Process of Tanning


Leather is made from animal skins or hides which have been chemically treated to preserve quality and natural beauty. The chemical procedure used to ready raw animal hides for use is called "tanning." A piece of hide or skin which has been tanned produces a strong, flexible leather which is able to resist decay and spoilage.
The tanning process consists in strengthening the protein structure of the putrescible skin by creating a bond between the peptide chains. The skin is made up of three layers being the epidermis, dermis and subcutaneous layers. The dermis consists between 30-35% protein, which is mostly collagen, with the remainder being fat and water. It is the dermis that is used to make the leather after the other layers have been removed chemically or mechanically. The whole tanning process using acids, alkalis, salts, enzymes and tanning agents to dissolve the fats and non-fibrous proteins, as well as chemically bond the collagen fibres. The tanning process also produces a lot of waste which has now become an environmental concern.

The generic tanning process involves several steps, depending on the type of skin used and its desired end product:


1. Warehousing and sorting
In the raw material area the skins are preserved in salt, stored in controlled cool rooms and before processing, presorted for quality and weight.

2. Soaking
The skin is soaked to remove dirt and salt.

3. De-Fleshing
During this process tissue, flesh and fat remnants are removed by a roller mounted knife
 4. Liming
By adding lime and sulphur compound the hair is removed from the skin.

5. Bating, pickling, tanning
During bating and pickling the skins are treated with acid and salt in preparation for tanning.
During tanning the skin fibres absorb the tanning agents. That's when the skin becomes leather.

6. Samming
During this process water is removed

7. Splitting
In order to achieve an even specified thickness the leather is reduced in substance.
The resulting split-leather can than be processed further as suede.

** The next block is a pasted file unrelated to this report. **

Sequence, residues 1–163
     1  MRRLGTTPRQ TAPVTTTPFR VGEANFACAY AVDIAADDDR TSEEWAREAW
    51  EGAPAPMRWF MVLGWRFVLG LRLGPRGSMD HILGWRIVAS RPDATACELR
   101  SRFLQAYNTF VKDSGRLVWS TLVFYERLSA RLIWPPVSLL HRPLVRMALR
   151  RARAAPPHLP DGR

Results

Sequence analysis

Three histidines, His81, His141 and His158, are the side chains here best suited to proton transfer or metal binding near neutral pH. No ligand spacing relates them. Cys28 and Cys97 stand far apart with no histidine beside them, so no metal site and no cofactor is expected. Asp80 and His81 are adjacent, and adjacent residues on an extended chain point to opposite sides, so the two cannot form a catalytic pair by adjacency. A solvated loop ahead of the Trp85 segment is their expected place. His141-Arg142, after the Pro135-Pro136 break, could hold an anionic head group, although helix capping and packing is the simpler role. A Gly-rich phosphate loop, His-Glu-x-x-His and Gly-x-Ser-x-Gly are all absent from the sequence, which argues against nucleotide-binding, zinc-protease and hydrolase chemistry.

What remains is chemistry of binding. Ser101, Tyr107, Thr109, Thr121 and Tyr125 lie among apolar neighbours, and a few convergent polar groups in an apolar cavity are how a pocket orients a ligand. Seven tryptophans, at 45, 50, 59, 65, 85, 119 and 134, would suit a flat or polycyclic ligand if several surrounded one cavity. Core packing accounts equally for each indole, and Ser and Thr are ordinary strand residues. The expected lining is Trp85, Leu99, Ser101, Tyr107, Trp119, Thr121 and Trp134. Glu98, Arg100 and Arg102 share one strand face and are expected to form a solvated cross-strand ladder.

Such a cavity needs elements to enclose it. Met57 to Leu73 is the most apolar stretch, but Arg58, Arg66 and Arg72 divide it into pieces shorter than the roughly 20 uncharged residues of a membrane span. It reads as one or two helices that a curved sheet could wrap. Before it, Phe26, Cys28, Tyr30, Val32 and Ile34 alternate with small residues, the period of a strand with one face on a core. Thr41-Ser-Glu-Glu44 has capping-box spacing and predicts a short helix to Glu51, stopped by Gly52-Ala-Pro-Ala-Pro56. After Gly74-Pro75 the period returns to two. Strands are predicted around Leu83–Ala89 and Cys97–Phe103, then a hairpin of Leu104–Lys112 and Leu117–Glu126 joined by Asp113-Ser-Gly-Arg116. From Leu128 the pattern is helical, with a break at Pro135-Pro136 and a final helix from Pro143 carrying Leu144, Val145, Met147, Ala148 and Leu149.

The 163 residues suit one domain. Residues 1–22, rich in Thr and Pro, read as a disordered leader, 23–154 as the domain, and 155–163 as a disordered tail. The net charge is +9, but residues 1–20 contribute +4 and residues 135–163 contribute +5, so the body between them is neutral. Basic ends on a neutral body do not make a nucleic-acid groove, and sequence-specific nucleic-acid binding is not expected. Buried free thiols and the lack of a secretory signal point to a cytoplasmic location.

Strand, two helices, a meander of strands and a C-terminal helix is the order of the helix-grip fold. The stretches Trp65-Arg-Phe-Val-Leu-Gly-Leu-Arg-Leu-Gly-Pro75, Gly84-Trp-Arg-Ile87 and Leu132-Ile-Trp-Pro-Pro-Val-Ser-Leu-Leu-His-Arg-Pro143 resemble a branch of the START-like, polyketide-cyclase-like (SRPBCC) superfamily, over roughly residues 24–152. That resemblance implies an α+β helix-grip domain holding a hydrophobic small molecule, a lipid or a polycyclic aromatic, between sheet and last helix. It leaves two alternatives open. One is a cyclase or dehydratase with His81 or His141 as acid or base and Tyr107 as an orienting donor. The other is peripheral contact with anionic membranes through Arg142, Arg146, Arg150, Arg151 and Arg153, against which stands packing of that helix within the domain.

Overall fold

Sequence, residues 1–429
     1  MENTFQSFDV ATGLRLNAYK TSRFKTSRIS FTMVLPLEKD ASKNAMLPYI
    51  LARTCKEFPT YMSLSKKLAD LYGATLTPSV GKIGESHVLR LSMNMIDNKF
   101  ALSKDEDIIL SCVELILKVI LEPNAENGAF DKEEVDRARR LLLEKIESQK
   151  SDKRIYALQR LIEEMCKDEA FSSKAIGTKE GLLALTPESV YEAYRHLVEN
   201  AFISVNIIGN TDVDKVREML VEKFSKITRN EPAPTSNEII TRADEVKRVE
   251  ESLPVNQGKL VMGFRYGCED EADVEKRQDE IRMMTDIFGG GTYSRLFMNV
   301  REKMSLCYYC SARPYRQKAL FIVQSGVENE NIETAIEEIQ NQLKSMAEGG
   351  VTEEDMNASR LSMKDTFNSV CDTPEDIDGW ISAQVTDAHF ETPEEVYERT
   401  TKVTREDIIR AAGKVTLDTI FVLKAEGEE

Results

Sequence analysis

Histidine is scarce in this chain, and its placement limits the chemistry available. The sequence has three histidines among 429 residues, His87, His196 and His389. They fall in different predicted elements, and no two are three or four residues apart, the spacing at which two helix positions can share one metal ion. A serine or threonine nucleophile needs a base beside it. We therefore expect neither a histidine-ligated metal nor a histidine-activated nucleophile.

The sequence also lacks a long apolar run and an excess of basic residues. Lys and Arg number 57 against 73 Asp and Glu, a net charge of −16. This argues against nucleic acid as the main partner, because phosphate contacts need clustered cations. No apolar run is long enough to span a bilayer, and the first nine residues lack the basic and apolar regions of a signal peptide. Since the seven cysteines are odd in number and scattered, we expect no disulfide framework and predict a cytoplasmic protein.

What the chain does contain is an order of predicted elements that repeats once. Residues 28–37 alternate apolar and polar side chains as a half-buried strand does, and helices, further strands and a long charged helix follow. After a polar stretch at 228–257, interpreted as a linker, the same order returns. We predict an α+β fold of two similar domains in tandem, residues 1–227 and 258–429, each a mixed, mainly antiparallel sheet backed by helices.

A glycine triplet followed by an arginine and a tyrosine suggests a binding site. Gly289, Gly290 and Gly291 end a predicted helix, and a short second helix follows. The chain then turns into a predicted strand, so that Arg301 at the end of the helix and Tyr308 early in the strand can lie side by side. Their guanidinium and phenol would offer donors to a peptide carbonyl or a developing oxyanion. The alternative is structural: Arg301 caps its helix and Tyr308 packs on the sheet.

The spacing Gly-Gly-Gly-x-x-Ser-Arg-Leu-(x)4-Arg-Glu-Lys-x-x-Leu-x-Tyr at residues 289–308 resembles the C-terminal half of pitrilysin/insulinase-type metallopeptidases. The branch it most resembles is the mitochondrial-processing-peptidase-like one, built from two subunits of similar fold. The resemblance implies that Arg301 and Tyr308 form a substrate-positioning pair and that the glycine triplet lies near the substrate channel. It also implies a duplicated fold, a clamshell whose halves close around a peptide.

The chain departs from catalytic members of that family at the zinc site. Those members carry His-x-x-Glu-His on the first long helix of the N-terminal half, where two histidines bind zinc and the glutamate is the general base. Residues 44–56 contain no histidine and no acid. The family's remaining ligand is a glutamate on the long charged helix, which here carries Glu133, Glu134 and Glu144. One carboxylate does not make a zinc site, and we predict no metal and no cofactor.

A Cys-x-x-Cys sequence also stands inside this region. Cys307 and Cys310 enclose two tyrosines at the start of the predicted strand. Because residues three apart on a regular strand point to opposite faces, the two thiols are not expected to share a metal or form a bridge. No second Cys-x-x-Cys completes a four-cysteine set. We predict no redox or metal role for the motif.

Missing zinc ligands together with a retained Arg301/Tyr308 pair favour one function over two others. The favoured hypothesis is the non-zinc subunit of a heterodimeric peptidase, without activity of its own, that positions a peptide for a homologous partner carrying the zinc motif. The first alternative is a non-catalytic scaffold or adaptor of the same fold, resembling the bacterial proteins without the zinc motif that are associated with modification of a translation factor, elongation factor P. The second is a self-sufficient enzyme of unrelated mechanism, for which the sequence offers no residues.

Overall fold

8. Skiving
The grain leather is brought to an even thickness.
Irregularities are removed from the reverse side and the leather is separated into colour-batches.

9. Sorting
The leather is sorted into various quality grades.

10. Neutralising, filling out, dyeing and greasing
The acid resulting from the tanning process is neutralized. Dyeing than takes place, where appropriate with anilin-dye-stuffs.
The greasing procedure will finally achieve the correct softness.

11. Drying
Two methods are used to dry leather. The vacuum process during which moisture is removed by suction and the hanging process, when leather is hung and taken through ovens.

12. Staking
Following drying the leather is mechanically staked in order to soften it. Further processes take place in preparation for finishing.

13. Finishing
Here the leather is given its final surface treatment and look. Through processes of base coat, colouring, embossing, ironing the leather becomes, depending on the demands of fashion, matt or shiny, two-tone or uni-coloured, smooth or grained. The art of finishing lies in working in wafer-thin layers without disturbing the natural look of the leather and its characteristics such as suppleness and breathability.

14. Quality Control
In between every process quality is controlled.
Final control checks to ensure each individual production is to specification and sortation into various trades.
15. Despatch
The leather is measured electronically, wrapped and despatched.



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